While there are more hits with Gov. Bobby Jindal’s proposal to swap sales for income taxes, there are enough misses that could derail the change that needs a supermajority in the Louisiana Legislature.
The plan would eliminate all personal and corporate income taxes, plus the corporate franchise tax (in essence a licensing fee based upon corporate capital that is perhaps the most unfavorable of all the states that have one), in exchange for raising the state tax rate 1.88 percent and coverage of that to a host of previously-exempt services. However, several large exemptions will continue to exist against the entire state sales tax portion, principally concerning the acquisition of unprepared food, medicines, and utilities. Plus, any person whose income falls below $20,000 annually will be able to apply for a rebate of up to $300, and anyone drawing retirement payments such as Social Security can get a rebate tied to the first $60,000 of income (currently, recipients and state and local government retirees do not pay income taxes). Finally, it raises the tax on tobacco products, by $1.05 per pack of cigarettes.
Evaluated on economic terms, the plan has much going for it. Over the decades, research results continue to demonstrate that the most reliable path to increased societal wealth comes through systems relatively light on income taxes compared to sales taxes (nine states currently have no income taxes). Empirically, states with the lowest income taxes for decades have seen the most economic growth, while those with the lowest sales taxes have seen the least growth.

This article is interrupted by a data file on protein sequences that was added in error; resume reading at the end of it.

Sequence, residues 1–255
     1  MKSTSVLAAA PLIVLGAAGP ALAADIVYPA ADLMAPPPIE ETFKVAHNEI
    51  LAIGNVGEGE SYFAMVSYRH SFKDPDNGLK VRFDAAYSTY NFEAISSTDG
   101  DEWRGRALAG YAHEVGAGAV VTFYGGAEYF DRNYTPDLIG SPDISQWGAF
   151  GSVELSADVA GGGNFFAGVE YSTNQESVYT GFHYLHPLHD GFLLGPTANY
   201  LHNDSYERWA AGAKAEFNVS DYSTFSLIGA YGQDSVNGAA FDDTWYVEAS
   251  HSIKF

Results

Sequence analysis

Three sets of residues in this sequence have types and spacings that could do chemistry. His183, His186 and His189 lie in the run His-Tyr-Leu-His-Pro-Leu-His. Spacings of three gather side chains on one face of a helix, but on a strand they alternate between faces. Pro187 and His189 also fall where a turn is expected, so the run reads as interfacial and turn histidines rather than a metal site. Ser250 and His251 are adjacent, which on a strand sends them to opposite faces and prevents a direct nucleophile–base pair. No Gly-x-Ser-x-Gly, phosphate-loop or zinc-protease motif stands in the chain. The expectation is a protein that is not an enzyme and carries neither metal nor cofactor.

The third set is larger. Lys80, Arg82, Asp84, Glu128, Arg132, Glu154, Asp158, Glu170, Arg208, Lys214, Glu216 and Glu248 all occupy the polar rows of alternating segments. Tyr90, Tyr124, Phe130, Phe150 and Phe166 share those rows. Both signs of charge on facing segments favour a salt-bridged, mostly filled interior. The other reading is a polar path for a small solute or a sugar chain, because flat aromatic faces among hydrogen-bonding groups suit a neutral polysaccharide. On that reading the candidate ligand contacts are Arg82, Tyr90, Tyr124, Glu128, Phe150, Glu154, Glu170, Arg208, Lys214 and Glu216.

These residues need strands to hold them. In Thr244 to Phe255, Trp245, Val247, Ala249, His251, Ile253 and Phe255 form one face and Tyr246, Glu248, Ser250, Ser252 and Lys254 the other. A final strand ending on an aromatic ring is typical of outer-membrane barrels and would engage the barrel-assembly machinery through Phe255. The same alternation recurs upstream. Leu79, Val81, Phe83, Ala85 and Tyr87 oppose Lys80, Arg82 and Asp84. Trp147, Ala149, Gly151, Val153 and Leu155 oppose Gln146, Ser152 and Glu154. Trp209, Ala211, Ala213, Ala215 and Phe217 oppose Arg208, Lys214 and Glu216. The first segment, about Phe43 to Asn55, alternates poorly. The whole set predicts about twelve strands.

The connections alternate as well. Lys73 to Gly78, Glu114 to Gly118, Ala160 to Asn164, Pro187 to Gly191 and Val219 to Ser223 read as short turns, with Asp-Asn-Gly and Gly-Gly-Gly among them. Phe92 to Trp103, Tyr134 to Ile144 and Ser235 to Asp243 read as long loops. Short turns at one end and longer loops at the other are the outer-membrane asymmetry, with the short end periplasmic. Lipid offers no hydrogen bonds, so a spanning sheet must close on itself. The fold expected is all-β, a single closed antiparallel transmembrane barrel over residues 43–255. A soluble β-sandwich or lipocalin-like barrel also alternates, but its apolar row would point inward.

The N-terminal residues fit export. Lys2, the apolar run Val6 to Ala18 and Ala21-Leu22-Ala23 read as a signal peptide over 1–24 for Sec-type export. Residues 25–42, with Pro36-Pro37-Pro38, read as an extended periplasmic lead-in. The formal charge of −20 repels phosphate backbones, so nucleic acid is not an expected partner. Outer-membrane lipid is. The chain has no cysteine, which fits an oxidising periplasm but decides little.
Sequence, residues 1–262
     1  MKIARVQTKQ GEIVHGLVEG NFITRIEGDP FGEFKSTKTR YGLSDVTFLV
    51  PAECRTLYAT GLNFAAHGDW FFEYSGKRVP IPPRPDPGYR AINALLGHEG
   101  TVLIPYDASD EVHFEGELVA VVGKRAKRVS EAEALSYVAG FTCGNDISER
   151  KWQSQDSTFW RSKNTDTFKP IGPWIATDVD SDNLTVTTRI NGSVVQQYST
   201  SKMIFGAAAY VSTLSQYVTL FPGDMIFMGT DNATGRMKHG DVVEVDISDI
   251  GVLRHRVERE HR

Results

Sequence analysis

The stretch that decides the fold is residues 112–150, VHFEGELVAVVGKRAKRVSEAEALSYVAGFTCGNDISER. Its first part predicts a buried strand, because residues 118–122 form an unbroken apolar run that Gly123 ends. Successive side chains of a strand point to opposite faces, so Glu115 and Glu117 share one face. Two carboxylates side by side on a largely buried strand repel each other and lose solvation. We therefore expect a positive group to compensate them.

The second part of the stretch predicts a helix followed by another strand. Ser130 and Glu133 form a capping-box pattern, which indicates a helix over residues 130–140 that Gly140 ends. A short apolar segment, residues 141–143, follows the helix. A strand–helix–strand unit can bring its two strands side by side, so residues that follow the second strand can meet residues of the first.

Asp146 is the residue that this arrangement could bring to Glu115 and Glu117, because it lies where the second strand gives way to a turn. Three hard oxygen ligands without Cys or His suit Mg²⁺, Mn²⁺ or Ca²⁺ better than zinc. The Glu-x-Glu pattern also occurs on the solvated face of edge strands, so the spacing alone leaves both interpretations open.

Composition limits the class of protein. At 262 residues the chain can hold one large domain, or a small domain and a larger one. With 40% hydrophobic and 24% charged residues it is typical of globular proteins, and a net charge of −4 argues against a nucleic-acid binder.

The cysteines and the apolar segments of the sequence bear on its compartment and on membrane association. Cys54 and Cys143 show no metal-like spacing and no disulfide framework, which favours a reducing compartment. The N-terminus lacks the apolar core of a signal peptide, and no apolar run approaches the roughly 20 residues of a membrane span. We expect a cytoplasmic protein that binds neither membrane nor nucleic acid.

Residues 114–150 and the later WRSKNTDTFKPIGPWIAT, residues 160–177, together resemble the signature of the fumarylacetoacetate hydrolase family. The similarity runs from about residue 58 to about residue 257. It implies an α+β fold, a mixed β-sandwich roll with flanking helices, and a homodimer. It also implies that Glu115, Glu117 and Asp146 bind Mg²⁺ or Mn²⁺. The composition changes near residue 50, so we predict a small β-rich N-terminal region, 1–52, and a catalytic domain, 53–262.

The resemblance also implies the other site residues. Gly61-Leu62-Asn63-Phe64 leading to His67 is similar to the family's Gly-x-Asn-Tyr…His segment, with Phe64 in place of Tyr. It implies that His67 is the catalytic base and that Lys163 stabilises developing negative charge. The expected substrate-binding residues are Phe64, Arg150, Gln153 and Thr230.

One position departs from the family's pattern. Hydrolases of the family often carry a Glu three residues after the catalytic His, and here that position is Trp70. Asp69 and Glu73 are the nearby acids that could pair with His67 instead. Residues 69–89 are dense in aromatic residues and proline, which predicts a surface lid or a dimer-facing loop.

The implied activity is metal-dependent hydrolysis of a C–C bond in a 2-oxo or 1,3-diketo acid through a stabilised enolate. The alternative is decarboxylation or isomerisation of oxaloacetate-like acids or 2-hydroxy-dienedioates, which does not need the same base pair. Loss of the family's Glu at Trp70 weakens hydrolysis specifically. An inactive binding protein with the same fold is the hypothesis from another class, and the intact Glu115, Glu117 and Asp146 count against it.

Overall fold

Of course, the exceptionalities distort this benefit to some degree. The continued constitutional food/drug/utilities exemptions necessarily forces a higher rate which in turn prompts the rebate strategy and higher. At least three major exemptions are left in, but one towers over the other two (which have minor changes limiting them) in terms of money forgone: the wasteful motion picture tax credit. Fortunately, change is proposed for this as well: excluding the credit against any actor salaries over $1 million and disallowing a few other things.
This would have a beneficial impact on state finances. Currently spewing out in an annual range of roughly $200 million a year for which the state sees an average return of $30 million, the salary limitation would discourage big-budgeted efforts, reducing the amount significantly the state must cough up for little return. The deal also halves the natural resource extraction exemption.